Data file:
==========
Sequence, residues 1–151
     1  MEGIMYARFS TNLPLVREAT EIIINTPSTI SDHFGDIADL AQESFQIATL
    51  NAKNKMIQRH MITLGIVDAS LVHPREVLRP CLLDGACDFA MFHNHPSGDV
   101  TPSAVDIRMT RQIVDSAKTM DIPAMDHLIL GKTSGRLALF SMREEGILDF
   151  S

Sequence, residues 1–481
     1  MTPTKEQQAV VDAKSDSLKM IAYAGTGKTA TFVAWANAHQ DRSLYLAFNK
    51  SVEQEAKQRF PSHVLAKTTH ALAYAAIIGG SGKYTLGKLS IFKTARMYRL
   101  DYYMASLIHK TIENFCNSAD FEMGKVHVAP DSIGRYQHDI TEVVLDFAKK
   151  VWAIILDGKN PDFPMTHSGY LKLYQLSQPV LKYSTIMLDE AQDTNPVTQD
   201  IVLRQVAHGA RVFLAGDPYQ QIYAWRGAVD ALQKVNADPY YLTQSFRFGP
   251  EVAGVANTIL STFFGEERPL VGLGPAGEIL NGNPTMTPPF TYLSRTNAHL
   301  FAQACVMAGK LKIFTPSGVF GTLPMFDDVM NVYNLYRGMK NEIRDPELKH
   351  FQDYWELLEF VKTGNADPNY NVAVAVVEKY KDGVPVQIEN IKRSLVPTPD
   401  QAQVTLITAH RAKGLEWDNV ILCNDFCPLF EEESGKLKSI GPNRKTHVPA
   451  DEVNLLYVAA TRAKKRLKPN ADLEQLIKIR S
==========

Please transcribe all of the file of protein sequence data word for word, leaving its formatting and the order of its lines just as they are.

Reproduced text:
Sequence, residues 1–151
     1  MEGIMYARFS TNLPLVREAT EIIINTPSTI SDHFGDIADL AQESFQIATL
    51  NAKNKMIQRH MITLGIVDAS LVHPREVLRP CLLDGACDFA MFHNHPSGDV
   101  TPSAVDIRMT RQIVDSAKTM DIPAMDHLIL GKTSGRLALF SMREEGILDF
   151  S

Sequence, residues 1–481
     1  MTPTKEQQAV VDAKSDSLKM IAYAGTGKTA TFVAWANAHQ DRSLYLAFNK
    51  SVEQEAKQRF PSHVLAKTTH ALAYAAIIGG SGKYTLGKLS IFKTARMYRL
   101  DYYMASLIHK TIENFCNSAD FEMGKVHVAP DSIGRYQHDI TEVVLDFAKK
   151  VWAIILDGKN PDFPMTHSGY LKLYQLSQPV LKYSTIMLDE AQDTNPVTQD
   201  IVLRQVAHGA RVFLAGDPYQ QIYAWRGAVD ALQKVNADPY YLTQSFRFGP
   251  EVAGVANTIL STFFGEERPL VGLGPAGEIL NGNPTMTPPF TYLSRTNAHL
   301  FAQACVMAGK LKIFTPSGVF GTLPMFDDVM NVYNLYRGMK NEIRDPELKH
   351  FQDYWELLEF VKTGNADPNY NVAVAVVEKY KDGVPVQIEN IKRSLVPTPD
   401  QAQVTLITAH RAKGLEWDNV ILCNDFCPLF EEESGKLKSI GPNRKTHVPA
   451  DEVNLLYVAA TRAKKRLKPN ADLEQLIKIR S